If you haven’t already, do it today. Meet monthly and tell them what you are going to do this month and how you are going to accomplish it. Be responsible to each other and push each other to get better.
18. Handshake in hangout
The Internet has allowed us to work wherever and whenever This is great, but don’t underestimate the power of handshakes. Get out of Google Hangouts and Skype and meet people.
19. Do things that don’t scale as long as you can
Thanks notes and personalized videos are part of my arsenal. Not this scale? By no means. Is it memorable? You sell
20. Take care of yourself
How is your body Are you having lunch Take a list of your lifestyle and fitness. This must come first.
21. Use “we” instead of “I”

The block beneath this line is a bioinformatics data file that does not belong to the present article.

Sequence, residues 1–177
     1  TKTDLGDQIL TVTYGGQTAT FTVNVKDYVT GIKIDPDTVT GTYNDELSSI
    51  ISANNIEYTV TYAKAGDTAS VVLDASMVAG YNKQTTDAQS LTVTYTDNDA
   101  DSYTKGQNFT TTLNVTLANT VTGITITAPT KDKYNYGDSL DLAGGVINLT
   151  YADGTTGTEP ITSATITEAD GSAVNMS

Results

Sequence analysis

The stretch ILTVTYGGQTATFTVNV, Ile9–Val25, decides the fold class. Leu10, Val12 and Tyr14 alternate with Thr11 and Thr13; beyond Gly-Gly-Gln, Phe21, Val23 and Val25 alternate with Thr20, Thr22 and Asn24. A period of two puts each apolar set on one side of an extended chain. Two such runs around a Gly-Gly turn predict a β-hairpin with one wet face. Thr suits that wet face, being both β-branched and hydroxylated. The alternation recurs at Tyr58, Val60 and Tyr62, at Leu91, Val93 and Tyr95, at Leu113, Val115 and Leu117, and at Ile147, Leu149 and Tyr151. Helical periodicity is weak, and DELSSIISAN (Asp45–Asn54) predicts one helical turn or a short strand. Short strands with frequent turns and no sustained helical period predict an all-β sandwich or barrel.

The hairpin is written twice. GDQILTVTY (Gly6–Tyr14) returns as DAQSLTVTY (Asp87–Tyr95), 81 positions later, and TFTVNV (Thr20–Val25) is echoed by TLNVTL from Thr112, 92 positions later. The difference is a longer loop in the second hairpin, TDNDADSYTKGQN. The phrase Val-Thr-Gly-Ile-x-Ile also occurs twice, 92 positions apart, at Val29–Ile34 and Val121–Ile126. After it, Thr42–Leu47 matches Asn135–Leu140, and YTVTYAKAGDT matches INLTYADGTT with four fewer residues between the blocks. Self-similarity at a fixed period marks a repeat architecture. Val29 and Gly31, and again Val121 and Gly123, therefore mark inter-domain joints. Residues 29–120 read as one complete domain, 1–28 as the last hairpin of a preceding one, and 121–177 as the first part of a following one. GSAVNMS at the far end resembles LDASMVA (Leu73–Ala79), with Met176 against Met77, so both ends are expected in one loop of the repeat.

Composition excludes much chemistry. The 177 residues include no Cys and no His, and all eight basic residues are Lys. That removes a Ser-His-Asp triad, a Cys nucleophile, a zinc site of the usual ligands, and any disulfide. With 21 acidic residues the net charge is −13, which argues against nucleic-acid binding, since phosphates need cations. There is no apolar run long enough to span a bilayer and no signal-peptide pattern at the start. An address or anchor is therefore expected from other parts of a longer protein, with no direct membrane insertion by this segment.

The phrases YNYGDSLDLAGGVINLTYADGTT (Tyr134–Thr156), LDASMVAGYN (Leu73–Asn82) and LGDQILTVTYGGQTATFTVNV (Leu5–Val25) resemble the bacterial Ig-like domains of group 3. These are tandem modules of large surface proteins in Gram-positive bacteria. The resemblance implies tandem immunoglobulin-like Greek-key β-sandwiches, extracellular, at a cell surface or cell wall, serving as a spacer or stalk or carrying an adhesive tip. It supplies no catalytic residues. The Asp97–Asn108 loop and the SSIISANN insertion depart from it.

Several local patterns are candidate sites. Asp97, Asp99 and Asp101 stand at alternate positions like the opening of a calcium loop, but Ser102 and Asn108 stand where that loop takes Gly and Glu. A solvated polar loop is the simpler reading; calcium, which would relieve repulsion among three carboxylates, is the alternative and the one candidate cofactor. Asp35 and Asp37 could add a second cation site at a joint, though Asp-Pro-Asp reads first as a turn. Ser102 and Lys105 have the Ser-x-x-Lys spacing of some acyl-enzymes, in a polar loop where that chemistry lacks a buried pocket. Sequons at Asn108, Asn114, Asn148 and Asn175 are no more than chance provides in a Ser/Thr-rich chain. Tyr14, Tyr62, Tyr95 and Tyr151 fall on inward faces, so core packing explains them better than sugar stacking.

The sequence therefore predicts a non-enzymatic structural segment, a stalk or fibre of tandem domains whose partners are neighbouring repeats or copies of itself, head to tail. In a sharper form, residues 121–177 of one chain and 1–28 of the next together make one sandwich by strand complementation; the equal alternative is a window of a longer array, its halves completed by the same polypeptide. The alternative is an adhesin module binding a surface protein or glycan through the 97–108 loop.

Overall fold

The language you use as a CEO is very important. Check out the personal, included pronouns I and I like at the door. It takes a village.
22. Continually evolving
Are you working on a new skill development? Have you read a book lately? Don’t get stale or think you know everything. You must evolve.
23. Gather advisors
It doesn’t have to be a formal board that meets quarterly, but do you have advisors for your business? I have a group of four that I try to meet for quarterly coffee or phone calls. These conversations always prove to be extremely valuable.
24. Document your thoughts
Make sure you don’t keep your ideas and thoughts in the vault. Record them through notes, notation, or other people, but make sure you pass them on so they can be discussed or acted upon.
25. Don’t drink your own cool aid
The growth of media, your friends, and Facebook likes are all telling you how great you and your company are.
Danger ahead! Make sure you don’t drink your Cool Aid and don’t get complacent. There is always work to be done and there is room for improvement.
26. Make sure you have competition, but don’t care about it